Japan is a weird and wonderful country. From robots to ninjas to interesting food adventures, it’s easy to come up with a list of must do things in Japan a mile long. I’ve enlisted fellow travel writers to come up with some of the coolest things in Japan to see and do to help with that list.
I’ve divided this post into adventures, cultural experiences, and unique food experiences. Of course, they can all be considered cultural, most of them adventurous, but probably not all food-related.
If you are looking for the coolest experiences in Japan, but don’t want to leave home, be sure to check out my reviews of books set in Japan.
Adventurous Experiences in Japan
Snowshoeing Up a Volcano
I am an outdoorsy gal, so of course I think outdoor adventures are some of the best things to do in Japan. Read about other Epic Outdoor Adventures in Japan here.
Japan Location: Kannabe Highlands, Toyooka, Hyogo
If you visit the Kansai region in winter and want to do something a little unusual in Japan, then you may want to go snowshoeing up an extinct volcano in the Kannabe Highlands. Located in Toyooka in Hyogo prefecture, adventurers strap on a pair of snowshoes and hike their way up the Kansai region’s youngest, but thankfully extinct, volcano to enjoy a warm snack and unparalleled views of the valley.
What makes snowshoeing so appealing is that anyone can do it. No skill or experience is required and the chances of getting hurt are slim to none. It’s a great alternative for people who want to experience snow in Japan but don’t know how to ski or snowboard.
If you’ve never done it, then walking on fresh powder can feel awkward at first but you quickly get the hang of it. You slowly amble your way up the volcano until you reach a large snow-filled crater with sweeping panoramic views of the valley. While you’re taking in the view, your guides will prepare a light snack for you. Snack may vary but our group was treated to fresh bananas in chocolate fondue. Yum!
Japan is known for its unique quirky experiences but enjoying banana chocolate fondue on the snow-covered rim of a volcano remains one of the most unique things I’ve done in Japan. Try it yourself! — JB from Will Fly for Food
The World’s Oldest Tree — Jomon Sogi
Yakushima Island has to be one of the cool places in Japan given its abundance of outdoor recreational opportunities.
Japan Location: Yakushima Island, south of Kyushu
Jomon Sugi is a large Crypromeria or Yaku Sugi tree which is estimated to be between 2,200 and 7,200 years old, making it an easy contender for the world’s oldest tree. This beautiful old tree is located in the centre of Yakushima Island, 150km south of Kagoshima.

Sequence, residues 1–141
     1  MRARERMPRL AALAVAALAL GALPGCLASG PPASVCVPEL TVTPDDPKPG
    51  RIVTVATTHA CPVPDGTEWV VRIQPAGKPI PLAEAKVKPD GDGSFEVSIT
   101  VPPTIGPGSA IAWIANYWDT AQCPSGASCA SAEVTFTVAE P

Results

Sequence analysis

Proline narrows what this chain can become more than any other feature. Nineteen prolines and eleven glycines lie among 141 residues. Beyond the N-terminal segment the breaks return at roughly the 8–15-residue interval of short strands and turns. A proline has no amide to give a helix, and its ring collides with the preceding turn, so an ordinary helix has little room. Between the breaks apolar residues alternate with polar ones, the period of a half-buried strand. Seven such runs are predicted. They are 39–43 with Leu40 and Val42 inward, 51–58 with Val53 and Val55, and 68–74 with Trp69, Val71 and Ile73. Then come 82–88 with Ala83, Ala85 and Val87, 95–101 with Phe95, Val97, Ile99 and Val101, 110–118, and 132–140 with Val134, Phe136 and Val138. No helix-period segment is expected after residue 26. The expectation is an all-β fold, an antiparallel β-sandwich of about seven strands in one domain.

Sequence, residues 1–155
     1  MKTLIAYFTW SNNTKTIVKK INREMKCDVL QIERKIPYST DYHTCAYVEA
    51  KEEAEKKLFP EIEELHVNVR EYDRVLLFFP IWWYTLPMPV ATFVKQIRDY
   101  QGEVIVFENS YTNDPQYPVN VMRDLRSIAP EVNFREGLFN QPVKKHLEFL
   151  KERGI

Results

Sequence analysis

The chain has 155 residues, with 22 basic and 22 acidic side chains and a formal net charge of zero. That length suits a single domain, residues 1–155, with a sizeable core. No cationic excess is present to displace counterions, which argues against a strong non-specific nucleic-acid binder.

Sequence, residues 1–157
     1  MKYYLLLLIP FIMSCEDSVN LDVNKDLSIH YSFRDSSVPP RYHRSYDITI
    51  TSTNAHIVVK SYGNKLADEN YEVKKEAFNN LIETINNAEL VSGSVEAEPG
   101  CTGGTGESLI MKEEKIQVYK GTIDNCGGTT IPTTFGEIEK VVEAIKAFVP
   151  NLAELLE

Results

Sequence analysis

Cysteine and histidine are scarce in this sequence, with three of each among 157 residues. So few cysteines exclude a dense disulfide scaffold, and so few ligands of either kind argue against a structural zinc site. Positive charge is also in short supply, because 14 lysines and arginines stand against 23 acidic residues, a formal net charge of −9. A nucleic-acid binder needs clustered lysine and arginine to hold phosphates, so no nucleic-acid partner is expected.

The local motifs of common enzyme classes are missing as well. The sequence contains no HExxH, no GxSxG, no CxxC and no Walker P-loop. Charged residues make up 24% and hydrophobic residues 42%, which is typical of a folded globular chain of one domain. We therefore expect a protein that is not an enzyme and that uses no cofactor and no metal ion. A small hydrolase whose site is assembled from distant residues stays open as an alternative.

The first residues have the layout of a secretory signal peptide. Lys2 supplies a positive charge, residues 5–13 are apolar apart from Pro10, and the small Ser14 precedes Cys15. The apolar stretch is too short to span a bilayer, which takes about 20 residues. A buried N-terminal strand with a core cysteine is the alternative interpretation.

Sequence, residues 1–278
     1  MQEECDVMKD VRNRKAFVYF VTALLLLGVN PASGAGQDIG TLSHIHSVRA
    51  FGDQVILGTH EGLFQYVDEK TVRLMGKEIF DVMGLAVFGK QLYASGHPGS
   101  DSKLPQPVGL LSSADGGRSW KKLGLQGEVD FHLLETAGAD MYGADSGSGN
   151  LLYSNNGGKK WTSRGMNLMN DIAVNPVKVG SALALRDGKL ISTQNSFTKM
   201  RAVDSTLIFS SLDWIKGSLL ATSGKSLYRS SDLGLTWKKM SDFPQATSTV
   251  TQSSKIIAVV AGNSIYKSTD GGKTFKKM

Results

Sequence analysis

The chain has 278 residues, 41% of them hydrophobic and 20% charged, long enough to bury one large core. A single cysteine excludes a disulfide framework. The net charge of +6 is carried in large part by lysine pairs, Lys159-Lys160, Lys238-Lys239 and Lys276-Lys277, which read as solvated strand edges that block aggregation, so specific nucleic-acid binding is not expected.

To get to Jomon Sugi requires hitting one of the island’s many hiking trails that criss-cross through the mountainous interior. Here you will find an ancient forest filled with giant cedars, yaku sugis, and evergreens clinging to the steep soil.
Yakushima is also an excellent destination for adventurous explorers given the island’s wealth of outdoor activities. As well as hiking, Yakushima is also a popular destination for kayaking, diving, and exploring some wonderful onsens located on the beaches.
From April until August loggerhead turtles come up onto the beaches to lay eggs. You can witness this incredible natural phenomenon with the help of a local guide as the beaches are closed to protect the turtles.
To get to Yakushima Island you can fly direct to the small airport at Anbo or take a boat from Kagoshima. There are eight hydrofoil services per day taking around three hours. For adventurous travelers you can also take an overnight cargo ship, the Hibiscus freighter. See this guide to Yakushima Island for more information. — Steve from thetripgoeson.com
Multicolored Hot Springs in Beppu
Hot springs are always at the top of my list and I can’t imagine skipping out on hot springs in Japan.
Japan Location: Beppu
One of the most unique experiences I had in Japan was exploring the beautiful hot pools of Beppu. Beppu is a small coastal city on Kyushu (the island south of Honshu) and is easy to visit while taking a bus, train, or car around the island, or on a day trip from Fukuoka.
These multicolored hot springs are too hot to swim in, but make up for it by their breathtaking appearances. Look out for steaming pools of bright red, blue, and green, alongside bubbling mud and even a geyser. (Yes, Beppu is home to one of the most regularly occurring geysers in the world!) There are actually 2000 hot springs here.
To experience the heat in action, have lunch at one of the steam kitchens. After ordering food off a vending machine, you’ll be provided with huge oven mitts and safely guided to place your food into a vent that reaches the naturally boiling water below. They even had vegan options. Beppu is a wonderful way to enjoy Japan’s volcanic scenery. — Cass from cassiethehag.com
Snow Monkey Park
Seeing Japanese wildlife up close has to be one of the best things to do in Japan.
Japan Location: Joshinestu Kogen National Park
The Snow Monkey Park is located inside Joshinestu Kogen National Park, which is around an hour away from Nagano. It’s located in the beautiful mountains in Japan, and you can experience snow monkeys up close and personal.
There are hot springs that you can sit and relax in, but the monkeys enjoy them as well. In the winter, you can catch them soaking, while the surrounding areas are covered in snow.
You can also choose to stay at the ryokan inside the park. This is a traditional Japanese stay, where you sleep on comfortable rice pads, have a traditional home cooked meal prepared, wear kimonos, and so much more. — Jenny from LimitlessHiker.com